How to Cozify Your Home to Stop the Winter Blues


 Every winter, the cold and the dark threaten to sap your joy. Seasonal affective disorder, or SAD, is a type of depression related to changing seasons. The majority of sufferers experience symptoms from late fall through early spring, when the cloudy days and long nights cause energy levels to plummet and social withdrawal. If you tend to feel increasingly down as winter approaches, you might want to start thinking about ways to keep the winter blues at bay.

via Earthwood Remodeling Photography: Ryan Garvin

Fortunately, SAD isn’t incurable; in fact, sufferers have found dozens of solutions for these seasonal feelings. While you might consider seeking therapy or taking medication and supplements, an easier and more fun treatment option is altering your home environment to make it warmer and more inviting all winter long. Here are a few tricks and tips for cozifying your home to beat SAD and stay sane.

Let There Be Light

Wintertime SAD often develops because you aren’t seeing enough sunlight, which is vital for the production of vitamin D, which in turn keeps the skeletal system, the cardiovascular system and the immune system functioning properly. One of the most effective SAD treatments is a daylight lamp, which produces UV rays that stimulate the production of vitamin D and generally improve your health and mood when used for a few minutes every day.

However, if you don’t want to invest in a UV lamp, you might try brightening up your home with more lights in general. You should keep overhead lights on during dark, cloudy days to simulate daylight, and you might use light bulbs with a neutral white tone. Then, at night, you might switch to a cozier, warm-toned light and make use of your fireplace and plenty of candles. Shadows and cool, blue tones will exacerbate SAD, so you should strive to keep your lighting bright for the rest of the cold season.

Warm Up

There is nothing cozy about a drafty, cold home. When the temperature drops outside, the inside of your home is likely to start feeling chilly unless you take steps to keep it warm. Starting in the fall, you should start searching out weaknesses in your exterior envelope, like peeling seals around windows and doors, cracks in your siding or masonry and similar issues. Many of these problems you can fix yourself with some new weatherstripping or some caulk. 

via Earthwood Remodeling Photography: Ryan Garvin

Once you thwart drafts, you should focus on keeping your home warm. Smart thermostats have proved a fantastic financial investment because they can dramatically reduce your energy bills thanks to their minute and remote temperature control. If you have a smart thermostat installed, you can begin warming your home before you leave work, so you can return to a cozy space. Additionally, you might consider using a gas heater in the corners of your home, like in bedrooms or dens far from the main furnace. This will reduce the load on your furnace while ensuring you feel warm and snug.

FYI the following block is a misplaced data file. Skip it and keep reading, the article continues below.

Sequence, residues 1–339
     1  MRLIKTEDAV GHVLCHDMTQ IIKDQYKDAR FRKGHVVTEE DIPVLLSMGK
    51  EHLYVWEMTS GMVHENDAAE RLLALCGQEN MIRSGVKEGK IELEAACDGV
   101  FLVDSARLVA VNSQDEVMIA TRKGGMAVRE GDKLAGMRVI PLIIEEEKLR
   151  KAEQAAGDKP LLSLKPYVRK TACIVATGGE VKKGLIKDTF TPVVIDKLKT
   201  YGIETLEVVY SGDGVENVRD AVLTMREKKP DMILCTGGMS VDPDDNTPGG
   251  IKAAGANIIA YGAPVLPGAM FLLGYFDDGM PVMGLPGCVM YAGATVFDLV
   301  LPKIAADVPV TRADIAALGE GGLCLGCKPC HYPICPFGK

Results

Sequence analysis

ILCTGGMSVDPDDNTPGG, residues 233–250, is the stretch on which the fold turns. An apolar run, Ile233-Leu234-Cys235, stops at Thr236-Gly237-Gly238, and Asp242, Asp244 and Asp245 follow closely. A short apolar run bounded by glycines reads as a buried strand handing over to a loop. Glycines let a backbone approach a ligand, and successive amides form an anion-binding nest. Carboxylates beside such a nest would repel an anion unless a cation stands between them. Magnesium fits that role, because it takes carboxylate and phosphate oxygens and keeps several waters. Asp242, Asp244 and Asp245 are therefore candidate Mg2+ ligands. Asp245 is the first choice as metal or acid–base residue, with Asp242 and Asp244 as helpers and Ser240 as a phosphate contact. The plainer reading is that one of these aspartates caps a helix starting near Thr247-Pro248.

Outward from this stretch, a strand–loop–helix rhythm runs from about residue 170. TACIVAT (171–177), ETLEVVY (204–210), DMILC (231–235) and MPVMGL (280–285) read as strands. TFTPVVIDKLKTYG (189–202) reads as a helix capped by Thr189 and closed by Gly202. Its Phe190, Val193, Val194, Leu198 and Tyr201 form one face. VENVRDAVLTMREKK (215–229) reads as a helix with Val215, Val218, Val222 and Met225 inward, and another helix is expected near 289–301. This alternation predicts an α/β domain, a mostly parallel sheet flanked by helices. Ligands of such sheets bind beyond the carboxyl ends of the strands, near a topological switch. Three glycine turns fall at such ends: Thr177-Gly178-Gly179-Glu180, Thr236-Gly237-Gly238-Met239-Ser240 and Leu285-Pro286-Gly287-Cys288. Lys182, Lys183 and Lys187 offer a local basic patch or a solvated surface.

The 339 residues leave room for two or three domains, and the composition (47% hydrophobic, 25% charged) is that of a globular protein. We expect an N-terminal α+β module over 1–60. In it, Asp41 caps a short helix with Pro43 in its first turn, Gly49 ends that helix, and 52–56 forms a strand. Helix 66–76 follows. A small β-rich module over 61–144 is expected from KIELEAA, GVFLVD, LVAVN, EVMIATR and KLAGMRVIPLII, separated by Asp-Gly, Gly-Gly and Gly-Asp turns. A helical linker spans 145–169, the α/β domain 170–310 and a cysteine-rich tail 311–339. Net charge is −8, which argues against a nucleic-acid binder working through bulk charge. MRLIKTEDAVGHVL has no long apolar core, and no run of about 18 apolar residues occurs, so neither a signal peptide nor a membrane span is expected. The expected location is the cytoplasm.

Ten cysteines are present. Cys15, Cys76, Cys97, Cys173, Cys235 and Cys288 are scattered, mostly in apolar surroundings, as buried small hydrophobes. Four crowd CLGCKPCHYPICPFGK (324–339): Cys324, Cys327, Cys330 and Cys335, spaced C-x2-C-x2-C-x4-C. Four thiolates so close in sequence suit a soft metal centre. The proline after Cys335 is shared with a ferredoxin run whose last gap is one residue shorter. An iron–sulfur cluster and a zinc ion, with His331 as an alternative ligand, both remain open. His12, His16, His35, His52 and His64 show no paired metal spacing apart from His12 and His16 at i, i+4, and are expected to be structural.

Finally, you should cover your hard surfaces in softer materials, like rugs, throw blankets and pillows. Soft fabrics don’t just look comfy and cozy; they also serve to hold onto more heat than your tile or hardwood alone, keeping your rooms warmer without taxing your furnace. Plus, you will feel better buried under a mountain of blankets than you would shivering in an empty, echo-y room.

Surround Yourself With Life

Almost everything slows down and goes dormant during the winter months, when the darkness and low temperatures make the outside world inhospitable. While a snow-covered landscape can be beautiful, it can also be quite bleak, leading to feelings of depression and helplessness. Though it is rather unlikely that you will be able to bring life back to the outdoors anytime soon, you can invigorate your inside spaces in a variety of ways.

via Casework

Indoor plants are especially trendy right now, perhaps because they help liven up any interior. As long as you keep your home warm and slightly humid, gorgeous tropical plants like Monstera deliciosa and fiddleleaf figs will thrive all winter long. You might consider framing your windows with hanging pots and putting smaller planters, with plants like succulents and cacti, on shelves and tables. 

In addition, you should prioritize decorating with bright color. While minimalist and monochrome color schemes have surged in popularity, white, gray and black intensify the austerity of winter. Instead, you should choose colors that make you smile, like coral, lavender, forest green or millennium pink. Color makes a space fun and inviting, which is what you need during the long winter months ahead.

via Casework

Last but not least, you should keep your loved ones close throughout the winter. There is a reason that so many of the year’s most important celebrations occur during the cold season; having friends and family nearby makes the snow and wind less oppressive and lifts spirits. If you start to feel SAD, you should spend time with someone who cares about you, ideally in your newly cozified home. Thanks to ACE for collaborating!


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